NFL’s free agency run on running backs comes with a catch

In 2023, the NFL saw only one running back sign a significant long-term deal, and he had to hold out to get that money. Already in 2024, we have seen several multi-year deals with averages over $10 million per season and guaranteed money in the tens of millions. Does that mean it’s the return of the back? Are running back contracts rebounding?

Not exactly.

In 2023, the move was to franchise tag running backs around the NFL. Iit was the most-tagged position in the league, with half of the six tags used there. At one-year, $10.091 million, it was a half-measure between long-term deals and nothing for the Dallas Cowboys (Tony Pollard), New York Giants (Saquon Barkley), and Las Vegas Raiders (Josh Jacobs).

Only one veteran running back received a big-money extension, and Jonathan Taylor wasn’t a free agent, had to ask for a trade, and even held out into the regular season in order to force the hand of the Indianapolis Colts. He returned to the team on October 5th and the three-year, $42 million extension was announced on October 8th. In the final year of his rookie deal, it’s really more of a four-year, $46.3 million deal when comparing it to free agent contracts.

He was on a lot of short lists in 2023:

  • The only RB to sign a multi-year deal worth more than $6.5 million per season
  • The only veteran RB to sign a deal with more than $11 million total fully guaranteed
  • One of three veteran RBs to sign deals with two years of guaranteed money (Miles Sanders, Jamaal Williams)

Some of the other contracts signed in 2023 show why big deals for running backs aren’t the norm. Raheem Mostert ($2.2 million guaranteed) topped 1000 yards rushing and was a Pro Bowler after scoring 18 rushing touchdowns in his first year with Miami. His Dolphins teammate, Devon Achance ($955K guaranteed), had 800 yards and eight touchdowns on the ground in his first season with Miami.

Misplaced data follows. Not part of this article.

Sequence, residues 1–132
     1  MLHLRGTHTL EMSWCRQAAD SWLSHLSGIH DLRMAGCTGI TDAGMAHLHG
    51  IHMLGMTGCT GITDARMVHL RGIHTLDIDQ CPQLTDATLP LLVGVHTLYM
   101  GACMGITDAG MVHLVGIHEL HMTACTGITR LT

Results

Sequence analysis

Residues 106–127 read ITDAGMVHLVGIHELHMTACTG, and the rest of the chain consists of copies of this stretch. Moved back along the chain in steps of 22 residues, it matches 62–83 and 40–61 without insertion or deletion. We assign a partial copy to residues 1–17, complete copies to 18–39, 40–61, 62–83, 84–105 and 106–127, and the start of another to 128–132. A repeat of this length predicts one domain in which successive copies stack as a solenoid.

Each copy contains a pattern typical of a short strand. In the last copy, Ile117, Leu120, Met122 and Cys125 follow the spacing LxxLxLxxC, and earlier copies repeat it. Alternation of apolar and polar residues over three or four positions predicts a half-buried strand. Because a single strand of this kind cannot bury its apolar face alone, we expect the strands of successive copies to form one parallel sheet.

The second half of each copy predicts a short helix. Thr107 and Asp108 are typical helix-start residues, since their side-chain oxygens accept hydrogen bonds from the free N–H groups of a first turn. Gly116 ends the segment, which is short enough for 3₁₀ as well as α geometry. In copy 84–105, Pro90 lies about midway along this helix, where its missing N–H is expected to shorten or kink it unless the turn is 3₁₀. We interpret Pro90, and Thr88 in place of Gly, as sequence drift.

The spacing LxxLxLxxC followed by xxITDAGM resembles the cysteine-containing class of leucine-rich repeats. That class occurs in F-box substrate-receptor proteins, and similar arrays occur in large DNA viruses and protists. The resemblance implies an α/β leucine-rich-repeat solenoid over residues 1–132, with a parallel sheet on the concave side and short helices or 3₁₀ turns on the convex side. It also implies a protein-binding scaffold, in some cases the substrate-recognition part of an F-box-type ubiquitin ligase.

With all those one-year franchise tags in 2023 now a year older and the regular free agent market in 2024, the running back position was loaded with big names heading into the new league year. Their contracts ended up being kind of a mixed bag (listed in order of guaranteed money):

  • Saquon Barkley: Three years, $37.75 million with $25.5 million guaranteed
  • D’Andre Swift: Three years, $24 million with $14 million fully guaranteed
  • Josh Jacobs: Four years, $48 million but only $12.5 million guaranteed (signing bonus)
  • Tony Pollard: Three years, $24 million with $7.5 million in year one part of $10.5 million guaranteed
  • Devin Singletary: Three years, $16.5 million with $9.5 million fully guaranteed
  • Derrick Henry: Two years, $16 million with $9 million fully guaranteed
  • Aaron Jones: One year, $7 million (guaranteed money unavailable)
  • Austin Ekeler: Two years, $8.43 million with $4.21 million fully guaranteed

In 2024, the running back franchise tag number was $11.951 million, and for any of the three players tagged last year, it would be $12.1 million.

Six of the contracts topped that $6.5 million per year threshold, but only three of the deals guaranteed more money than the franchise tag (Barkley, Swift, Jacobs), only three guaranteed all or most of both of the first two years (Barkley, Swift, Singletary). Only one contract hit all three benchmarks (Barkley), just like in 2023 with Jonathan Taylor.

Barkley’s deal is better than Taylor’s by every metric when you look from 2023 to 2025 when the guaranteed money runs out or 2023 to 2026 when both deals are set to expire. I don’t think any of the other deals are what I would consider player-friendly; either the guarantees aren’t there and they can be cut after one season (Jacobs) or the yearly average is less than or equal to $8 million (Swift, Singletary), or both (Pollard, Henry, Jones, Ekeler).

Even some well-established running backs have been on the move because of the recent signings. Joe Mixon was traded from the Bengals after Cincinnati signed Zack Moss to a two-year, $8 million deal with just $3 million guaranteed. Aaron Jones was released by the Packers after they signed Jacobs, but now he has a one-year, $7 million deal in Minnesota.

It’s not all gloom and doom. While he doesn’t have any guaranteed money left on his 2020 extension, Christian McCaffrey is set to make $12 million in cash in 2024. Alvin Kamara is a likely cap casualty for the 2025 Saints, but in 2024 he’s on the hook for $11.8 million in cash. Nick Chubb is set to make $12.2 million in cash, but his knee injury recovery complicates that.

That’s only six players making more than $10 million per season at the running back position and only two of them have guaranteed money beyond 2024. (Note: Taylor’s 2025 money actually doesn’t fully guarantee until March 17th, 2024.) Compare that to other positions, and the running backs are still lagging behind every position in the NFL that isn’t a special teams job.

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